• The Basic Structure Doctrine puts “procedure established by law” below “due process” in the functioning of the legislative process.
  • It creates a gap between parliamentary competence and executive impotence, resulting in a political culture of grandstanding, empty rhetoric, and non-binding, unverifiable communication between politicians and the electorate.

The Judiciary and Legislature

  • The countervailing forces of Indian politics, a watchful judiciary, and an empowered legislature, are built into the political system through the separation of powers.
  • This separation of powers is crucial for the deepening and resilience of Indian democracy.

Controversies and Challenges

Subsequent Debates and Decisions

  • In 1975, a bench of 13 judges was constituted by CJI A N Ray to debate the theory of basic structure and framework as propounded in the Kesavananda Bharati case.
  • However, the bench was dissolved without a decision.
  • In 1975, the Supreme Court resisted a legislative attempt at validation in the case of PM Indira Gandhi’s disputed election.
  • In 1980, in the Minerva Mills vs Union of India case, and in 2007, in the IR Coelho vs State of Tamil Nadu case, the basic structure doctrine was unanimously reaffirmed by the Supreme Court.

Constitutional Amendments

  • Parliament, by the Constitution 44th Amendment Act 1978, declared that Articles 20 and 21 of the Constitution could never be suspended, even during the proclamation of an Internal or External Emergency, thus accepting the basic structure doctrine.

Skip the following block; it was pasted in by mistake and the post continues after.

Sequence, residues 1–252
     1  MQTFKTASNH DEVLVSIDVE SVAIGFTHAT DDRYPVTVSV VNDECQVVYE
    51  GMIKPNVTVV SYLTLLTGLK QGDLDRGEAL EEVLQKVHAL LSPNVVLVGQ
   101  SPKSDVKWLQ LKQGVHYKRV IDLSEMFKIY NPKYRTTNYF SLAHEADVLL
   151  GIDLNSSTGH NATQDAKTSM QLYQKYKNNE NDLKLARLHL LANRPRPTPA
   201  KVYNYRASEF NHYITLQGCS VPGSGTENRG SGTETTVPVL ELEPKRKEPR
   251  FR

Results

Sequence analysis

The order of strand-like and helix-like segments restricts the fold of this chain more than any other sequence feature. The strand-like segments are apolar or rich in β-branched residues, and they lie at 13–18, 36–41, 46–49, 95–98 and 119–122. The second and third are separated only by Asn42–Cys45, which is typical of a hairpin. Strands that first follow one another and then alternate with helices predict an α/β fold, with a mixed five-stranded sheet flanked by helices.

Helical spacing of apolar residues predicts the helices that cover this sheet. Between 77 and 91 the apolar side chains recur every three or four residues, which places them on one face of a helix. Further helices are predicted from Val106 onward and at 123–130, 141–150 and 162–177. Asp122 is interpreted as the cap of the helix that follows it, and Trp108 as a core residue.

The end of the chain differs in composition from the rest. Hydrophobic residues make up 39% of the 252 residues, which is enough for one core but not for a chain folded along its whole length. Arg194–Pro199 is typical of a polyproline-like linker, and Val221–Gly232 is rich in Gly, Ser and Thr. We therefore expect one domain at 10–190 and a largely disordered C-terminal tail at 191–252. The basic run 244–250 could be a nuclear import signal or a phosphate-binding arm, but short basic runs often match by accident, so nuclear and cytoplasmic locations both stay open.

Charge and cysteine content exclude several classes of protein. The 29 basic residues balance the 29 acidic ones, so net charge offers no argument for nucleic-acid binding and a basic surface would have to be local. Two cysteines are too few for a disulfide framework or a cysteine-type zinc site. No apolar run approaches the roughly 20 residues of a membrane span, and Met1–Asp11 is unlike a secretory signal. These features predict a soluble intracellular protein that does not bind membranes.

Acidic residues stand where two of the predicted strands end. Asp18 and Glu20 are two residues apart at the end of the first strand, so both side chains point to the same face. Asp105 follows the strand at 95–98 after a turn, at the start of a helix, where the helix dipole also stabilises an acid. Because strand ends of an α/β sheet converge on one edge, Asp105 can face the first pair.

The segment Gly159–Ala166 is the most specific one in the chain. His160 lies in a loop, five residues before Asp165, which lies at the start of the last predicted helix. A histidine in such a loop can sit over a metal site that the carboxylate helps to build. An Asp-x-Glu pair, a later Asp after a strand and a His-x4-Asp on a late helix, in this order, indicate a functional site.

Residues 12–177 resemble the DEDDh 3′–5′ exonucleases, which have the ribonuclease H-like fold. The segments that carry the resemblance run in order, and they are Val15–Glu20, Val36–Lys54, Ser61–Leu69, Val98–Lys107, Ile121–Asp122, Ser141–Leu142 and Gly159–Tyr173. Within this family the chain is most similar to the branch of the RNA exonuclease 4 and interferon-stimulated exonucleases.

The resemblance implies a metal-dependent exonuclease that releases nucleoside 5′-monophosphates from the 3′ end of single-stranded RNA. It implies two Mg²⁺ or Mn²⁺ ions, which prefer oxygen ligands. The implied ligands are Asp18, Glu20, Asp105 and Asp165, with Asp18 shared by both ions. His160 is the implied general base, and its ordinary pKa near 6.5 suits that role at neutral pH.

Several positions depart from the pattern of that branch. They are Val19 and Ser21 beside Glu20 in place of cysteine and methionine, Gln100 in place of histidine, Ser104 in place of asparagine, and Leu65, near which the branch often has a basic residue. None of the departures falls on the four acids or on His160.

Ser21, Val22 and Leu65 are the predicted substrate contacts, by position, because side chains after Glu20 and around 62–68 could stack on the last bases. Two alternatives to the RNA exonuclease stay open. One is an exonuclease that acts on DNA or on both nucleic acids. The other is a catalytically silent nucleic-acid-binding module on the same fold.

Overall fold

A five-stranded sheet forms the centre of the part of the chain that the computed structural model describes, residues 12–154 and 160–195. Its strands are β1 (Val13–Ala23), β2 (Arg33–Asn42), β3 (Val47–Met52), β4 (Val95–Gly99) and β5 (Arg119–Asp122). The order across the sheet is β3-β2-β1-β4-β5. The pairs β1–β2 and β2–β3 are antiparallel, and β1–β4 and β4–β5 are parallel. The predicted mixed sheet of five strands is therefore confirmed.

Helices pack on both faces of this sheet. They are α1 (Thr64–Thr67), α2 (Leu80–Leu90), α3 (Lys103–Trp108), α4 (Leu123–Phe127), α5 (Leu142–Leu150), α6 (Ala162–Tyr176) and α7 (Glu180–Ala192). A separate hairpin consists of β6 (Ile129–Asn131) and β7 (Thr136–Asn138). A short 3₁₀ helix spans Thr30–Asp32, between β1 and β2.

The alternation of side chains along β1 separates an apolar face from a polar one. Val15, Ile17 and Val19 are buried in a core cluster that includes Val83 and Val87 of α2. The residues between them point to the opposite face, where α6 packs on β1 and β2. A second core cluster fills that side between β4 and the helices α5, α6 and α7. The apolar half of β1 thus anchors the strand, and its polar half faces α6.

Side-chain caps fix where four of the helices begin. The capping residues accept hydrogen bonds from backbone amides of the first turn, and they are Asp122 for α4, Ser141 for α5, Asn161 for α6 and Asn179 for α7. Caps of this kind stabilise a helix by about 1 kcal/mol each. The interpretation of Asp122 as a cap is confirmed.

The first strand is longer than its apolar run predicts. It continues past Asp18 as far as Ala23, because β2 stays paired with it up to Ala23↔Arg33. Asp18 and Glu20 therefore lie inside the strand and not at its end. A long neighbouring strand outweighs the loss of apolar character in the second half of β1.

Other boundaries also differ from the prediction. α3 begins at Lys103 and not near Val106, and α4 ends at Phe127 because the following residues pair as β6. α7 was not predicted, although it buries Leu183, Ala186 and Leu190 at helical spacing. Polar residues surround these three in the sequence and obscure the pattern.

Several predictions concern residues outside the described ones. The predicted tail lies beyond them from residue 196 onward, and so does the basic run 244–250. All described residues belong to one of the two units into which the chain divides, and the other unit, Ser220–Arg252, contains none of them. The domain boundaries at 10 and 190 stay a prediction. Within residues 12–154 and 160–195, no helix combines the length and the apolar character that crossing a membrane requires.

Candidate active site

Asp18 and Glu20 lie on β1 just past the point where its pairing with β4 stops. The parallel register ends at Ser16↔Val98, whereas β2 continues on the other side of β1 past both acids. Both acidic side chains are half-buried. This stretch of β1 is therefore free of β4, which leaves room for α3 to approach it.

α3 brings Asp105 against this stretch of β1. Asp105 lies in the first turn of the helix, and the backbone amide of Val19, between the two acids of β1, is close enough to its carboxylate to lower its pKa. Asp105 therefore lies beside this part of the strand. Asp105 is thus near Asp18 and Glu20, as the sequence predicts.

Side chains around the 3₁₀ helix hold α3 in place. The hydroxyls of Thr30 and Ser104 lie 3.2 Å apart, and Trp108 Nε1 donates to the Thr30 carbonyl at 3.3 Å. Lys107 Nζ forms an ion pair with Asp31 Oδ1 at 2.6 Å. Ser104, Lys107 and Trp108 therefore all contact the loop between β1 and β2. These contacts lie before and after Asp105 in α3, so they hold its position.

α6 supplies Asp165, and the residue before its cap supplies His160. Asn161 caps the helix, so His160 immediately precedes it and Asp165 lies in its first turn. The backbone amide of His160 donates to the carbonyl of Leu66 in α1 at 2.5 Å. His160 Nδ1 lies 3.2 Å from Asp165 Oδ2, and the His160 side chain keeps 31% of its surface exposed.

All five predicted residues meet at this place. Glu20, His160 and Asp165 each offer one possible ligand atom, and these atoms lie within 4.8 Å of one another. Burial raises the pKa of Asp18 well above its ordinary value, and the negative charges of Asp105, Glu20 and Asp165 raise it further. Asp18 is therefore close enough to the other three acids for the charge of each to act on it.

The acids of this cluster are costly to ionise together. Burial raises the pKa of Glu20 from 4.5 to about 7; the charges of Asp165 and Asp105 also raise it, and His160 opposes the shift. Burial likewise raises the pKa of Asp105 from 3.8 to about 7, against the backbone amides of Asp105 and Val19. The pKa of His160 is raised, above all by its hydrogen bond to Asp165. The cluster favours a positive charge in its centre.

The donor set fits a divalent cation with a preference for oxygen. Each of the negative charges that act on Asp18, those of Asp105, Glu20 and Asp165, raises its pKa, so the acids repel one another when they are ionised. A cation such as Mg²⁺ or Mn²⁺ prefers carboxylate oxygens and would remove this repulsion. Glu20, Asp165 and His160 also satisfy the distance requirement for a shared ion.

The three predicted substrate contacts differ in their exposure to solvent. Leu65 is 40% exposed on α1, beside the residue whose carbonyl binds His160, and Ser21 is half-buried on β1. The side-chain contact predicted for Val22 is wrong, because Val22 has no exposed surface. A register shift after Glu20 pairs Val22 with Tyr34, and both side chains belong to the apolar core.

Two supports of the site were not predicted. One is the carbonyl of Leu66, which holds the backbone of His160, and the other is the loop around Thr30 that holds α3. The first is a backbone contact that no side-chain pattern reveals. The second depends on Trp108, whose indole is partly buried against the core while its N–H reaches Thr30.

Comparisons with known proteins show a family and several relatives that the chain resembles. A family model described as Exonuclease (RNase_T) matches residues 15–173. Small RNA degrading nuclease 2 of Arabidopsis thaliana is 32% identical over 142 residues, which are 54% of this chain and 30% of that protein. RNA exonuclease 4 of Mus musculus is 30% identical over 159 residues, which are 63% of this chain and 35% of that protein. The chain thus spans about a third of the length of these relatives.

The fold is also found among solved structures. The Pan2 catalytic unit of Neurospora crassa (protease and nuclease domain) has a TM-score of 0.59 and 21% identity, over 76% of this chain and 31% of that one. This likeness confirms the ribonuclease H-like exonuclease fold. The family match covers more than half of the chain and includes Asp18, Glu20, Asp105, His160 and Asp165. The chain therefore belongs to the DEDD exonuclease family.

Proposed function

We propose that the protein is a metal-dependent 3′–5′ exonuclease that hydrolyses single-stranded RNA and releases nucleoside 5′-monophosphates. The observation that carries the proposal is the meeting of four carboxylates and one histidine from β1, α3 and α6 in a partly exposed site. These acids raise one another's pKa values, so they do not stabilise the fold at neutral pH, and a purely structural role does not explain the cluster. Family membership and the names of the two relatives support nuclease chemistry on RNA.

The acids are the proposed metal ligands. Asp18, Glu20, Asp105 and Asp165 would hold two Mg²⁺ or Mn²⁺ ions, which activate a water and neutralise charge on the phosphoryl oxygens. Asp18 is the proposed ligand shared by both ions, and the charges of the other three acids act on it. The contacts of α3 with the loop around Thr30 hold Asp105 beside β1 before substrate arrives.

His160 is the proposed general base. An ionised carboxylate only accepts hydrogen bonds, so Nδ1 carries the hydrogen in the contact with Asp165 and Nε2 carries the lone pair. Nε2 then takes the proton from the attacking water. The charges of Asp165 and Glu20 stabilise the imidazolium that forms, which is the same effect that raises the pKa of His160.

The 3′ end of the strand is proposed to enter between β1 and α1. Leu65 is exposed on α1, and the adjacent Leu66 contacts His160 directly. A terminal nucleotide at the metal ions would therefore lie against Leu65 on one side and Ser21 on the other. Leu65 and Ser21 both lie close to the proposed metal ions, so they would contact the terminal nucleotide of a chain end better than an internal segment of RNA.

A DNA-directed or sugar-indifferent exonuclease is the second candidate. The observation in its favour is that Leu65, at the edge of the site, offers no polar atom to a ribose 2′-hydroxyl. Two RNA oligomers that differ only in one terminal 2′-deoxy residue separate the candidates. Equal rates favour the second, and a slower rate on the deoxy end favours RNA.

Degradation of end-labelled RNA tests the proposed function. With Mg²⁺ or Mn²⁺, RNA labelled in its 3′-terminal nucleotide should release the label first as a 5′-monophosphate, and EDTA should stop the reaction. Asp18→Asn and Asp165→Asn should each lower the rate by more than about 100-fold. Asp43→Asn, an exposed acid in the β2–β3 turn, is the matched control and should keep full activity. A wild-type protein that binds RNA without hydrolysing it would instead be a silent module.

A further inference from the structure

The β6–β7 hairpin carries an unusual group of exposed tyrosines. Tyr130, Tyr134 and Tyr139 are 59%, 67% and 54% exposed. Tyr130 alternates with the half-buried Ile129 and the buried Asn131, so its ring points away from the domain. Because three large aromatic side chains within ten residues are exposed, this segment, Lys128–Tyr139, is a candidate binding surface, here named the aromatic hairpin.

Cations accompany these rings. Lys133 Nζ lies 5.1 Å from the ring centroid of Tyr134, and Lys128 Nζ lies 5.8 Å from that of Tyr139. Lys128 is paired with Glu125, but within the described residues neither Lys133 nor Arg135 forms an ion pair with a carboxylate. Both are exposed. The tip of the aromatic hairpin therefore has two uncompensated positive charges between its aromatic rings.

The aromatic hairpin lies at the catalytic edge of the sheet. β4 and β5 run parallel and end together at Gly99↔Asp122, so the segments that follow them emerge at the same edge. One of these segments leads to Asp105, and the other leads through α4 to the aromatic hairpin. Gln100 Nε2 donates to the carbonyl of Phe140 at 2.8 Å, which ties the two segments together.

Way Forward

Promoting Debate

  • It is essential to have more debate, focused on facts and logic, rather than diffuse, emotive categories of love and hate.
  • The “cancel culture” of foreclosing debate serves neither the cause of justice nor of democratic deepening and consolidation.

Revisiting the Doctrine

  • The Basic Structure Doctrine, as the “Pole Star” of Indian politics, should be used wisely by navigators in the stormy nights of Indian politics.
  • It is crucial to revisit and debate the doctrine to ensure that it serves its intended purpose without hampering the functioning of the government.


The Basic Structure Doctrine has played a crucial role in preserving the fundamental pillars of the Constitution. While it has helped in preventing the erosion of essential features of the Constitution, it has also raised questions about its impact on the functioning of the government and the democratic process. As India continues to navigate its way through its various challenges, it is essential to revisit and debate the doctrine, promoting a culture of discussion and adaptation rather than rigid adherence to past decisions. Ultimately, the goal should be to ensure that the Constitution remains a living document that evolves to meet the needs and aspirations of the people while preserving its core principles.

Practice Question for Mains

What is the Basic Structure Doctrine? Comment on its significance in preserving the Indian Constitution as a living document. (250 words)

Related Posts

Notify of
Inline Feedbacks
View all comments
Home Courses Plans Account